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Assemblyman Is Ill, but His Work Continues

A brain tumor has put rising star Mike Gordon out of action. But colleagues have guided 14 of his bills to the Senate for a vote.

June 14, 2005|Nancy Vogel | Times Staff Writer

SACRAMENTO — When former El Segundo Mayor Mike Gordon arrived in the Assembly in December, some of his fellow Democrats tagged him as a future leader, saying he had the smarts and political acumen to become speaker one day.

Gordon charged out of the gate in January with a batch of bills, many relating to his coastal district that stretches from Venice to Torrance. But serious illness sidelined him two months into his first term, and it is not clear when or if Gordon will return to the Legislature.

Doctors discovered a brain tumor in mid-February after Gordon complained of exhaustion and illness. He has missed work since then to undergo radiation treatment and recuperate. His staff and family -- he has four children -- have been protective of his privacy, releasing few details about his ailment, condition or prospects.

They have not disclosed, for example, whether the tumor is operable or malignant. His office sends out news releases touting his bills with no hint that he is not on the job in Sacramento.

The most recent update on Gordon's medical condition was released in April. It stated that procedures to remove pressure from the tumor were successful and that Gordon was undergoing physical therapy because he was having difficulty walking and keeping his balance.

Last week, Gordon's legislative director, Janelle Beland, said a first round of radiation was "reasonably successful, so they're proceeding with another round of treatment."

Other lawmakers have stepped forward to shepherd Gordon's bills. As a result, he has racked up a decent track record by proxy: Fourteen of the 22 bills he introduced have cleared the Assembly and now face votes in the state Senate.

One bill would require banks and credit unions to teach their employees how to spot and report financial abuse of the elderly. Another would dedicate a shoreline mile of Dockweiler State Beach to leash-free dogs. A third would attempt to prevent the proliferation of area codes by setting rules on how many unassigned phone numbers telephone companies can possess at one time.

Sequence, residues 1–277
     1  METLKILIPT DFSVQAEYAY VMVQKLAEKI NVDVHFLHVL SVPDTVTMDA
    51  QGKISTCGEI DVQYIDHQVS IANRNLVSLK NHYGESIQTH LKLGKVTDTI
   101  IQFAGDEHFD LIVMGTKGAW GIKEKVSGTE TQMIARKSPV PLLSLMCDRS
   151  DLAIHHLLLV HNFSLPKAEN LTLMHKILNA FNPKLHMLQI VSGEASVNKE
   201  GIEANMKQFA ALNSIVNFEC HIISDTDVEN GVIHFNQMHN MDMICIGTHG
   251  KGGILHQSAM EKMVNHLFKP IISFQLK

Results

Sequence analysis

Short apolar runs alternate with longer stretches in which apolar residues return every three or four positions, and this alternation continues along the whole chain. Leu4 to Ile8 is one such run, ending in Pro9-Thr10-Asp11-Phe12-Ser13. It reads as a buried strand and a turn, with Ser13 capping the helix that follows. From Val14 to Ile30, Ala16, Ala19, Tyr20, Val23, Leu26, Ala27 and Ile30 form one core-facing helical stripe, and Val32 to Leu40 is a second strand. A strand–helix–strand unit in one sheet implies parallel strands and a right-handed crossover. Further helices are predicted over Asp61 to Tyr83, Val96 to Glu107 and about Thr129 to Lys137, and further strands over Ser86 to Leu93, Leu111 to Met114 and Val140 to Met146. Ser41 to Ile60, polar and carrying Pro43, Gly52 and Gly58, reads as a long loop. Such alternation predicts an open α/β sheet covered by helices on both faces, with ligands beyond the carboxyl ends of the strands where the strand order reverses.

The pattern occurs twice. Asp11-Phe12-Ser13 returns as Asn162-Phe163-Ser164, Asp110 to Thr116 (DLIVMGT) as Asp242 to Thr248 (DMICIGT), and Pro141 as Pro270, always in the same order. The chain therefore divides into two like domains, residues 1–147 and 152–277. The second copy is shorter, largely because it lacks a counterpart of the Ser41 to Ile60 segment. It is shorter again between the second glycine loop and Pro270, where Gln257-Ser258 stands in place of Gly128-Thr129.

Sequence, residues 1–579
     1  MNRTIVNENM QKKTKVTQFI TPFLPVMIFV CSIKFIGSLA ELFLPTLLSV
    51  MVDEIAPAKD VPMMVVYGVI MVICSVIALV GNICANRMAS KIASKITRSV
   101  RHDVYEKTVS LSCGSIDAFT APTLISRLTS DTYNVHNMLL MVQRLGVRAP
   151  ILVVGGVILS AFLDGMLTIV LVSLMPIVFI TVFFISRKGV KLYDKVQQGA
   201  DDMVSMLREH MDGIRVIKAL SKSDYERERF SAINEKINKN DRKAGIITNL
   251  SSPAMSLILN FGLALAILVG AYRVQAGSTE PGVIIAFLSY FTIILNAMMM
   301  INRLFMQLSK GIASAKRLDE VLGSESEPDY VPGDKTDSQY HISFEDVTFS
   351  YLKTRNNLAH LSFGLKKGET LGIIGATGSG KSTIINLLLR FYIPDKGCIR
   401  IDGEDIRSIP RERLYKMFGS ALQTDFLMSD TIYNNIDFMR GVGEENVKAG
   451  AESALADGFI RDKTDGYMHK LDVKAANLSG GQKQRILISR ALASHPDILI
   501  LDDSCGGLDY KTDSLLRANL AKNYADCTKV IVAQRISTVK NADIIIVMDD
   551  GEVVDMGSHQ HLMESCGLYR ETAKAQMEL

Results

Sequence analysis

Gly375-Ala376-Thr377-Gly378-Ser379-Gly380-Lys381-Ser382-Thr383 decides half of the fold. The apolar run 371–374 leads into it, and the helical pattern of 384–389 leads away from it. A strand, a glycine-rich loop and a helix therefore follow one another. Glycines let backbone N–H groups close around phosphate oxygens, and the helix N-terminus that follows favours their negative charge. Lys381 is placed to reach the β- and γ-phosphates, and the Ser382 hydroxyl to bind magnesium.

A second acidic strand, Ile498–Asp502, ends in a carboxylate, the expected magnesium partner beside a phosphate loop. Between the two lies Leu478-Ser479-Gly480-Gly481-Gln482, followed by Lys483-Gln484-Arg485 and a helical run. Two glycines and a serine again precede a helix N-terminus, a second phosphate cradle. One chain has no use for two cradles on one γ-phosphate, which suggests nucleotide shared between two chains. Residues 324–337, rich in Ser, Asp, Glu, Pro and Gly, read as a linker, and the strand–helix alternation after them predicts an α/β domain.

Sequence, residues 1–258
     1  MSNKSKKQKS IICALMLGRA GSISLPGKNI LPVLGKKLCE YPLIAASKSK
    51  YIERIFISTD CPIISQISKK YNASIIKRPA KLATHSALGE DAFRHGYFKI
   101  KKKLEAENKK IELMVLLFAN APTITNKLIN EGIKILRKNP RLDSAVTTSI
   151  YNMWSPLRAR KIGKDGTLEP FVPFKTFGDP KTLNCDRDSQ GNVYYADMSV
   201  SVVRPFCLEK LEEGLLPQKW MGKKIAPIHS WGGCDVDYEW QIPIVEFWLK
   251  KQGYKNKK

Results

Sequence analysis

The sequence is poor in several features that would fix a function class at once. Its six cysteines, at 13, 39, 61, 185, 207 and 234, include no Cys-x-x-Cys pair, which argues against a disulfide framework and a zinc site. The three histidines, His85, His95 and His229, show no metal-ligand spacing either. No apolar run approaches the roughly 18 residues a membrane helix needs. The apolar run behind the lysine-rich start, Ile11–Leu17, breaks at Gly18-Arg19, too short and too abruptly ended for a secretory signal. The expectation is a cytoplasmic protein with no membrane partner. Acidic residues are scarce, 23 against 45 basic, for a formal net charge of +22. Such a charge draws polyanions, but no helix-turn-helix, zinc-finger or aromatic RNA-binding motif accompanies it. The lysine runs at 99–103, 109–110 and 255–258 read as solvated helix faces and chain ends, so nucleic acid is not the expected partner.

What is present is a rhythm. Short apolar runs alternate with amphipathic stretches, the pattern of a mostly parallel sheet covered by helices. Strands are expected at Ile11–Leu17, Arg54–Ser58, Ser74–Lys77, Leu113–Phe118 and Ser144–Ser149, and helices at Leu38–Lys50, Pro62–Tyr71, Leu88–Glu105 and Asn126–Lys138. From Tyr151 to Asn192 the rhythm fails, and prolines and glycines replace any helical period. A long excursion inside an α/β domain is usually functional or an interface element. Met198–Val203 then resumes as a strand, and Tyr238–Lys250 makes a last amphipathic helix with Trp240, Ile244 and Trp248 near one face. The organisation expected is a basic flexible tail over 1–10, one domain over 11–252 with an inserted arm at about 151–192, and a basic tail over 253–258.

"The members have been really great about offering to help and keep things moving," Beland said.

As a former Assembly staffer himself and former executive director of the California Democratic Party, Gordon was familiar with the sometimes arcane workings of the Legislature and "ready to go" with bills within weeks of his November election.

"He didn't get here and try to figure it out," Beland said.

A founder of the telemarketing company Gordon and Schwenkmeyer Inc., Gordon, 47, was elected to the El Segundo City Council in 1996 and served as mayor from 1998 through April 2004. In November he defeated Redondo Beach Mayor Greg Hill for the Assembly seat, 51% to 42%.

Gordon's absence did not make or break any legislation as the Assembly rushed to meet a June 3 deadline to send its bills to the Senate. Democrats outnumber Republicans in the Assembly 48 to 32 -- enough of a buffer that his vote wasn't crucial.

"It hasn't been a major issue," Assembly Majority Floor Leader Dario Frommer (D-Glendale) said, adding that his caucus was "really hopeful" that Gordon would return soon.

Two Republicans have filed papers to challenge Gordon in 2006: Hill, his previous opponent, and Paul Nowatka, a retired Torrance police lieutenant and Torrance city councilman.

Regardless of Gordon's health, Republican political consultant Allan Hoffenblum said, Republican challengers would be lining up a year before the election because the 53rd Assembly District is fairly competitive and candidates need to raise money. Voter registration in the district is 41% Democratic, 35% Republican and 20% decline to state.

"There's no reason why the Republicans shouldn't move forward," Hoffenblum said.

Democrats were prepared to back Torrance City Councilman Ted Lieu, a vice president at the financial services firm UBS, if Gordon resigned and the governor called a special election to replace him, Hoffenblum said.

Lieu, who calls Gordon a dear friend and serves as his Assembly campaign chairman, said he was praying for Gordon and his family while others positioned themselves to run.

"Thanks to modern medicine and prayer," Lieu wrote in an e-mail, "people do bounce back, and Mike's the kind of fighter that I believe will recover."

Assemblywoman Jenny Oropeza (D-Carson), who endured six months of surgery and chemotherapy for a liver tumor and was recently declared cancer-free, said there was no reason for Gordon to resign. She missed 24 workdays during her treatment.

Gordon has an experienced staff to help his South Bay constituents, she said, and lawmakers in Sacramento were pleased to guide his legislation.

"I know, because we're next door to each other, that his staff does a great job of being at the places they need to be to represent him," Oropeza said.

She said her experience with cancer changed her as a person and a lawmaker, and Gordon might expect the same.

"We don't know how this will affect his legislative agenda or how he views his job," Oropeza said. "For me, it changed my life. I got a lot of gifts out of having this disease -- understanding illness and a huge appreciation for nurses. They really are the healers.

"It also helped me to focus more on environmental issues that may impact our health," she said.

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